Reaction to Senate CIA torture report

AP News
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Posted: Dec 09, 2014 2:41 PM

Some reaction to the Senate Intelligence Committee report released Tuesday on the CIA's harsh interrogation techniques at secret overseas facilities after the 9/11 terror attacks.

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"These techniques did significant damage to America's standing in the world and made it harder to pursue our interests with allies and partners." — President Barack Obama.

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"This nation should never again engage in these tactics ... The CIA program was far more brutal than people were led to believe." — Sen. Dianne Feinstein, D-Calif., chairman of the Senate Intelligence Committee.

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"I don't believe that any other nation would go to the lengths the United States does to bare its soul, admit mistakes when they are made and learn from those mistakes." — James Clapper, director of national intelligence.

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"This question isn't about our enemies. It's about us. It's about who we were, who we are and who we aspire to be. It's about how we represent ourselves to the world." — Republican Sen. John McCain of Arizona, who was tortured in a North Vietnamese prison during the Vietnam War.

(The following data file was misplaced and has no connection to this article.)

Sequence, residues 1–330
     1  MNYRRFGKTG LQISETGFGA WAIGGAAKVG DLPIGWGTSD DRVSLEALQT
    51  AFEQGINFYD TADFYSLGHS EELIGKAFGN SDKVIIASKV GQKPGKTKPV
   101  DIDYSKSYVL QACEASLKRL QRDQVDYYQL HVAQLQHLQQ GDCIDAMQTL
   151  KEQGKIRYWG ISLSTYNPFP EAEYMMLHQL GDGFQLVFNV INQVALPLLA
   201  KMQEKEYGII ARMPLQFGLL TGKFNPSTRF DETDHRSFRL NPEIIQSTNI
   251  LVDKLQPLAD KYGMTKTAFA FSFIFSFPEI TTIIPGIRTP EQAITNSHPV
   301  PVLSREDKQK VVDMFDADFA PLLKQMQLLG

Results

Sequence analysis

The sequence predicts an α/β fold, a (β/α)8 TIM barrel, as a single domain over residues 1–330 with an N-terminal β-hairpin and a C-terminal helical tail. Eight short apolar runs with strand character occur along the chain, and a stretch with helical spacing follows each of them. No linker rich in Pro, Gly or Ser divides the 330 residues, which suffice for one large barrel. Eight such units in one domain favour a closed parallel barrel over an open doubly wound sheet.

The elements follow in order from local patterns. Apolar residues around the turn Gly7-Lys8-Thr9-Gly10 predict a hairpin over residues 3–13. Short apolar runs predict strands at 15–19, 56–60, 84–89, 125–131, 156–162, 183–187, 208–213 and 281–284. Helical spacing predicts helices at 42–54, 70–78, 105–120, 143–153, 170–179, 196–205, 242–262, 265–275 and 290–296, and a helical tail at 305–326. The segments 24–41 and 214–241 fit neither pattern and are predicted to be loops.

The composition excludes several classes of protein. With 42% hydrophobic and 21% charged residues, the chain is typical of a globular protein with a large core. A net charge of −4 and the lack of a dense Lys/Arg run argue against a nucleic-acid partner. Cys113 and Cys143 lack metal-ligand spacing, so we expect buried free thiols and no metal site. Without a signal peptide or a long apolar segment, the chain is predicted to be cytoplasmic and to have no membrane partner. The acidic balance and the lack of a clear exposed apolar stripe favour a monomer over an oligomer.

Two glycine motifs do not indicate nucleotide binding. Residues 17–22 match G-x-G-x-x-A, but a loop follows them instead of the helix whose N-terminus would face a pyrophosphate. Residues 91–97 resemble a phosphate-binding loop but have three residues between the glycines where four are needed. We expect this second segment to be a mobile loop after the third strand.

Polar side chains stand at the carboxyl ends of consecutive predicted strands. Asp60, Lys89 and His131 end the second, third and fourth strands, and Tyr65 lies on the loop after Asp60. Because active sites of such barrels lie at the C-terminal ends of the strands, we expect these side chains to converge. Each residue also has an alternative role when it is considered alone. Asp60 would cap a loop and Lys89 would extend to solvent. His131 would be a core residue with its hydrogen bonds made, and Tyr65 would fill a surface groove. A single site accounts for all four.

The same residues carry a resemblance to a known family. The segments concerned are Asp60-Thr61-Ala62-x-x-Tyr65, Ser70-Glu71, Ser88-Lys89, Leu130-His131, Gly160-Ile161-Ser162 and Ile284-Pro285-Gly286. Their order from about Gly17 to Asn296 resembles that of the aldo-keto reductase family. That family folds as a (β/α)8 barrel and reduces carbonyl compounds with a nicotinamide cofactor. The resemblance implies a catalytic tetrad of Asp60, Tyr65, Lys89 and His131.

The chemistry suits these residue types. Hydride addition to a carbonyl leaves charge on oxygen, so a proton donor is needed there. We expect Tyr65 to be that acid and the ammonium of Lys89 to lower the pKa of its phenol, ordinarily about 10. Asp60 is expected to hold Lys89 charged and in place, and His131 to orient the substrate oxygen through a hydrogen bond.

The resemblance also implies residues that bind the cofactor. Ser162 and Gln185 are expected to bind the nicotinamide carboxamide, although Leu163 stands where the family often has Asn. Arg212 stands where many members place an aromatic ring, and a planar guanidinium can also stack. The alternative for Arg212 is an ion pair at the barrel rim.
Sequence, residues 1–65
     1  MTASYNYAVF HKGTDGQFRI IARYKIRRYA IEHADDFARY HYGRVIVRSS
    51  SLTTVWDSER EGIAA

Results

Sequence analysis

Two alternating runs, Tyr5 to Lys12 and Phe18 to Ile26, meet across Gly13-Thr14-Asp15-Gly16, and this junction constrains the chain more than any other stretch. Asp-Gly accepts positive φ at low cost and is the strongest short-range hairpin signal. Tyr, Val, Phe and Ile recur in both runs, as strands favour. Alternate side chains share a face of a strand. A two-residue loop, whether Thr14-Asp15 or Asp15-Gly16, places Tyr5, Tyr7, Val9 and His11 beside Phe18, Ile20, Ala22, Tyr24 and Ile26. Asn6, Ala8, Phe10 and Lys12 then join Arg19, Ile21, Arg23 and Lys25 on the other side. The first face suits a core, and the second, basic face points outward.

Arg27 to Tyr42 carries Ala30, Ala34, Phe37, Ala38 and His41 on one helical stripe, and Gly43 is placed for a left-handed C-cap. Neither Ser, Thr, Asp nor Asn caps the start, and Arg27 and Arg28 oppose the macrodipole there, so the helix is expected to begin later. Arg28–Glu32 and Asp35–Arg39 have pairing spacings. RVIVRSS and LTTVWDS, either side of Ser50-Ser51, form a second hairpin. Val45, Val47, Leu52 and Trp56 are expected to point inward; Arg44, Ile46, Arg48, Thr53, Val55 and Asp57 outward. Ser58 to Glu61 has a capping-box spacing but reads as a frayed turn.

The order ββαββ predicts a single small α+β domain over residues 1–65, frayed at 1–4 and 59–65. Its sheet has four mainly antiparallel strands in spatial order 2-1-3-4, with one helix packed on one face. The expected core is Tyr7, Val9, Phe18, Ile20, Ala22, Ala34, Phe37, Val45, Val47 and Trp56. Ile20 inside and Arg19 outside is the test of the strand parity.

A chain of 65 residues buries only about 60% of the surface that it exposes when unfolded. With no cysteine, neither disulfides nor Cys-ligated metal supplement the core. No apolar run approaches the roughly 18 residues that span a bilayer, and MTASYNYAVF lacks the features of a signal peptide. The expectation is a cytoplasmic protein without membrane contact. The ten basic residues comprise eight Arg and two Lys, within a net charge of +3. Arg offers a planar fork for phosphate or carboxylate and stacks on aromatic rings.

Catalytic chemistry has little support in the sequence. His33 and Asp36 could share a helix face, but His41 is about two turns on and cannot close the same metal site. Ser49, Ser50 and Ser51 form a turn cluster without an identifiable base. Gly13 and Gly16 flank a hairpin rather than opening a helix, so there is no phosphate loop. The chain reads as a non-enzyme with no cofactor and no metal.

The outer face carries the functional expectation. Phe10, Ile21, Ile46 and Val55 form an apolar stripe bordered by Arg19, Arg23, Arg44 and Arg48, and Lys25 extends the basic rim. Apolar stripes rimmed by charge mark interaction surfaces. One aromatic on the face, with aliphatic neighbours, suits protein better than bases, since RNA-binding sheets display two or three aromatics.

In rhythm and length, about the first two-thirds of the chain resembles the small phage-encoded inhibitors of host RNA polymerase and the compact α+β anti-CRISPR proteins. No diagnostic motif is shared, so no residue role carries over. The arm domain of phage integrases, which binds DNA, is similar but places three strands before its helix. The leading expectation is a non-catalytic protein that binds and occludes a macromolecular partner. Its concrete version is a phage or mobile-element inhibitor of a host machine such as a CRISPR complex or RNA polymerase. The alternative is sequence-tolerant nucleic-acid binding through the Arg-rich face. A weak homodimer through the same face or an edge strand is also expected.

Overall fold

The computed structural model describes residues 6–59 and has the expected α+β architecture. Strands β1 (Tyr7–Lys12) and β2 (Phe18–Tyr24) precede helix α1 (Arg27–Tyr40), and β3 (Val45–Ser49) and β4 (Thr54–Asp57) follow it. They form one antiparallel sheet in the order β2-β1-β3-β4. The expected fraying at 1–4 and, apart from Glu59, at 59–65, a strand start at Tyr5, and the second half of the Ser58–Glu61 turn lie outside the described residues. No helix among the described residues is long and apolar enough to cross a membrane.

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"This marks a coda to a chapter in our history ... It was right to end these practices for a simple but powerful reason: they were at odds with our values. They are not who we are, and they're not who or what we had to become, because the most powerful country on earth doesn't have to choose between protecting our security and promoting our values." — Secretary of State John Kerry.

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"The techniques in question are nowhere near what the enemies of this nation and radical Islam would do to people under their control. There is no comparison. The comparison is between who we are and what we want to be. In that regard, we made a mistake." — Republican Sen. Lindsey Graham of South Carolina.

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"The report raises serious concerns about the CIA's management of this detention and interrogation program and the treatment of certain detainees. Torture is wrong and fundamentally contrary to American values." — Sen. Susan Collins, R-Maine, a member of the Senate Intelligence Committee.

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"It is impossible to read it without feeling immense outrage that our government engaged in these terrible crimes." — Anthony Romero, executive director of the ACLU, who called for the appointment of a special prosecutor to "hold the architects and perpetrators of the torture program accountable for its design, implementation and cover-ups."